Me too for all of the above! I really enjoy the speed of adjustment of some of my suspension mods, and enjoy making the mods. But sometimes I feel just real happy with the essentially stock Claytor netting, which is quite unpopular here. But, it is ultra-light and low volume/bulk, and nothing could be simpler once you solve the water wicking problem by:
    1: putting a couple of extra over hand knots or whatever in the rope on each side of the channel ( seems to work good so far with water hose tests or all night rains) or
    2: a:cutting the rope, running a short piece through the channel, putting a bowline or figure 8 loop on each side of the channel after putting each loop first through an ascending ring- or just clipping in a biner, then
    B: tying the longer rope to the biner/ring and then running it around the tree and back to the biner with a slippery 1/2 hitch or 2. Either works like a charm. The stock Claytor suspension has no hardware and adjusts just as fast as anything else I have used. As long as you have enough knots to keep the water out, biners and rings are optional. I mostly use them, but I also went a long time without any.

    Speaking of sticking to basics, I have some HH suspensions I have never changed. The other day while hanging in my Safari, I finally decided to try something I had been considering for a long time. I put the webbing on the tree as for a MSH for Whoopies. But instead of making a MSH, I just ran the HH rope through one loop. Then instead of doing all of the figure 8 HH lashing stuff, I just tied off a slippery 1/2 hitch, and another 1/2 hitch or 2 for backup. I did put a stick in the knot for just in case.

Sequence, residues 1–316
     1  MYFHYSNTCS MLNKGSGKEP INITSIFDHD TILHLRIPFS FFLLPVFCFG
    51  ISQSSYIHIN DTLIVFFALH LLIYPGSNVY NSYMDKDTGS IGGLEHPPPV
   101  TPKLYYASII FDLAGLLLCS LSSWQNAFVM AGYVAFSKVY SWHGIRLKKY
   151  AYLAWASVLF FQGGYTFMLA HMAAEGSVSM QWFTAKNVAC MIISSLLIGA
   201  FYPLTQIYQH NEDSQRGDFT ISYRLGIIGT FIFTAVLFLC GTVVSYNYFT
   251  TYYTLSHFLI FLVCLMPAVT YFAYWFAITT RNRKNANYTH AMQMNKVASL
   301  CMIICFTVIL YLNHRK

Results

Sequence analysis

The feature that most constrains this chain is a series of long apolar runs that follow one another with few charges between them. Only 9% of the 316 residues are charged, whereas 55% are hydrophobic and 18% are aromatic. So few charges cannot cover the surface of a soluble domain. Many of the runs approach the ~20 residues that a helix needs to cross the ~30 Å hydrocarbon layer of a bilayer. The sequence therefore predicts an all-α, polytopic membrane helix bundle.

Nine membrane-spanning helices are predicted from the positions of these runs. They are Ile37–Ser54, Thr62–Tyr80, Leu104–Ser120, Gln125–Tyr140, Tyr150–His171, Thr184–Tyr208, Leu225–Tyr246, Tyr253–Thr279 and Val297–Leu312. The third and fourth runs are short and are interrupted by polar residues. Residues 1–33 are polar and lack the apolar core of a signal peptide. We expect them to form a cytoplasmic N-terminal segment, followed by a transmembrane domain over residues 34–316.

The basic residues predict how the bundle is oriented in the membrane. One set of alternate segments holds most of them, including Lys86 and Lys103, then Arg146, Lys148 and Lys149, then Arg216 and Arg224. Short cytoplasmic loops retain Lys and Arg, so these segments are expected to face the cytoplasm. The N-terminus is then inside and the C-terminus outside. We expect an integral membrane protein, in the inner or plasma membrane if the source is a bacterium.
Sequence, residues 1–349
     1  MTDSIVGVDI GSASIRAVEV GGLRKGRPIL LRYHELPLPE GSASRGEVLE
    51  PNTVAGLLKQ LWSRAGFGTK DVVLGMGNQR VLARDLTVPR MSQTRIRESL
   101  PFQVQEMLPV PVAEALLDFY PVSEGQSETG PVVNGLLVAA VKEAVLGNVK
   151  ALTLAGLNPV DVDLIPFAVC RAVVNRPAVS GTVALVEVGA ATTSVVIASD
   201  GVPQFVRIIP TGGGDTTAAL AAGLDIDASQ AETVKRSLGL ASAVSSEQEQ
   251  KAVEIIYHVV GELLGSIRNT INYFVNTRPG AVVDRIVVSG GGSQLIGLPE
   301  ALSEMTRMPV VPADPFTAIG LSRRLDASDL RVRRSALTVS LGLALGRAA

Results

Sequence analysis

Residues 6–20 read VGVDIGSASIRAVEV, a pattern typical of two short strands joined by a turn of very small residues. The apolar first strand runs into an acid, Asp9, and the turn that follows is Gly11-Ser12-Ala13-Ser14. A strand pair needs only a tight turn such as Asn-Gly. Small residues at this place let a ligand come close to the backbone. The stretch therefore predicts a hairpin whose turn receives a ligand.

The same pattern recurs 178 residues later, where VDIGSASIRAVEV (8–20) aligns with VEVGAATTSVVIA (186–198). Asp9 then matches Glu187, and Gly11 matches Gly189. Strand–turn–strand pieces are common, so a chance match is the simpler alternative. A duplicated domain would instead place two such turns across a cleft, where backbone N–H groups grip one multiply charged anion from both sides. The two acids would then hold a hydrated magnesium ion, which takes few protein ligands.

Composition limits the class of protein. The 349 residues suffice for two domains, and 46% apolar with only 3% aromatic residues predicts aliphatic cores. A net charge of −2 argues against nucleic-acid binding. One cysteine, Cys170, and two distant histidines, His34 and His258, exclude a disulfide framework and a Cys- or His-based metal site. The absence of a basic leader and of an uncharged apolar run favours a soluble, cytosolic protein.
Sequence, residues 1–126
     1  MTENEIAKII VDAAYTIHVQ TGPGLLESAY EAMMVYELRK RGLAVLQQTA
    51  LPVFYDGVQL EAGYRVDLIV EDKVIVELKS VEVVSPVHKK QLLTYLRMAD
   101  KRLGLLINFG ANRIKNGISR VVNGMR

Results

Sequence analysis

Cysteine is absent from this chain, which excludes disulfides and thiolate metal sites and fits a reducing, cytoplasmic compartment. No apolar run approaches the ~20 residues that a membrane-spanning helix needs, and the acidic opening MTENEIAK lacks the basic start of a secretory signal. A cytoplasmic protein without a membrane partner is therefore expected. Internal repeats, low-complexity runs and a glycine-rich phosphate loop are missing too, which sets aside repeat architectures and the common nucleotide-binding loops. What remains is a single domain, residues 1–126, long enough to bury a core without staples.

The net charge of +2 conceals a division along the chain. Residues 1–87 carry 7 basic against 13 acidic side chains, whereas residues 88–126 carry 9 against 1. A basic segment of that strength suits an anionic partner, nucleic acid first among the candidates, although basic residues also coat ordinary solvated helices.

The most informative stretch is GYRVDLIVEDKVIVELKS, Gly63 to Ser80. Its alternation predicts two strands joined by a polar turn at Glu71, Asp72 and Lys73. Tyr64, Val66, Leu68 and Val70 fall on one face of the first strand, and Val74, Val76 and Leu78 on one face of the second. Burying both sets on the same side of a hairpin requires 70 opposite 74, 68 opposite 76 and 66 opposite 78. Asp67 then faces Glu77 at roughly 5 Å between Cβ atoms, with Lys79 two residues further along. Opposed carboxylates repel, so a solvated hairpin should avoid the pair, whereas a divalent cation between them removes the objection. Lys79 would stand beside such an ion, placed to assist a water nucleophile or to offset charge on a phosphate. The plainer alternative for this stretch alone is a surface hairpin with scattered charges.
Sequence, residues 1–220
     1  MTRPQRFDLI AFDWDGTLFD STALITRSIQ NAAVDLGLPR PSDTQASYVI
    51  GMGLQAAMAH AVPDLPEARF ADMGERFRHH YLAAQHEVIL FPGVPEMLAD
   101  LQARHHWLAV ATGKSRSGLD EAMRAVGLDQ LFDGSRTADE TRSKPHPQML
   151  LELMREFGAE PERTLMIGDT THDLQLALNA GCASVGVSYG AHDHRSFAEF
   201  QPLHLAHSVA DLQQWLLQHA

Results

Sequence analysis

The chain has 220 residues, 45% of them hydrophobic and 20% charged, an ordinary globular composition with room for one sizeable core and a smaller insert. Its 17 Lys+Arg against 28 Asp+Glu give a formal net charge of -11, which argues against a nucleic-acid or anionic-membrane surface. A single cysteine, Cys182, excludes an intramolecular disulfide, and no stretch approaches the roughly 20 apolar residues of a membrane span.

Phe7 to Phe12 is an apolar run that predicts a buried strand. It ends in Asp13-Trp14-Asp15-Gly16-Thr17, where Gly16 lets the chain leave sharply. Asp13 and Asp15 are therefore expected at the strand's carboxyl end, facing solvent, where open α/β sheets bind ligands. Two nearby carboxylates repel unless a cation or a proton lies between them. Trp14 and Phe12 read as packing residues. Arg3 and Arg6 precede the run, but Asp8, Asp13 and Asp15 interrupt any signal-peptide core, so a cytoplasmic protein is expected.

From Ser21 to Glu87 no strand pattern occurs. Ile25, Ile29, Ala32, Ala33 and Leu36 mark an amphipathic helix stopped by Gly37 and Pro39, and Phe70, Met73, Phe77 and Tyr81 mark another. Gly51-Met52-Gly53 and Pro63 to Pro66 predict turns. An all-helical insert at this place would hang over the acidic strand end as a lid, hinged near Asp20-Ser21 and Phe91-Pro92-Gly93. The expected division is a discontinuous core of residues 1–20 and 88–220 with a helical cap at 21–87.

It worked perfectly! It never slipped a bit, and was easy to undo. On one end where I did not use a stick, it was pretty tight, but still tugging on the slippery 1/2 hitch for a bit and it came undone easily enough. I have had cinch buckles be tougher to undo if I started with them pulled pretty tight. And it was fast to set up (fast enough anyway) and had I needed to adjust it would have been fast enough to undo and tie again.

    Why haven't we been using this technique for ropes and huggers? Am I missing something? It is basically the Claytor approach except with rope into separate tree huggers, rather than Claytor webbing. Which goes around the tree and back to a bowline at the hammock and THEN slippery 1/2 hitches. It seems like the HH lashing- though simple as dirt once you have done it correctly a couple of times- is often a stumbling block for new hangers. A hard concept to teach for the brand new folks. This makes me wonder why we bothered with all of that? (Brandon/WBG has a simple knot also, but I don't have that one down to 2nd nature yet, like I do 1/2 hitches)

    For that matter, even if I do the regular HH lashing technique in the future, I think I will just do one figure 8 and go right to the slipper 1/2 hitches after the 1st fig. 8. I suspect it will hold just fine.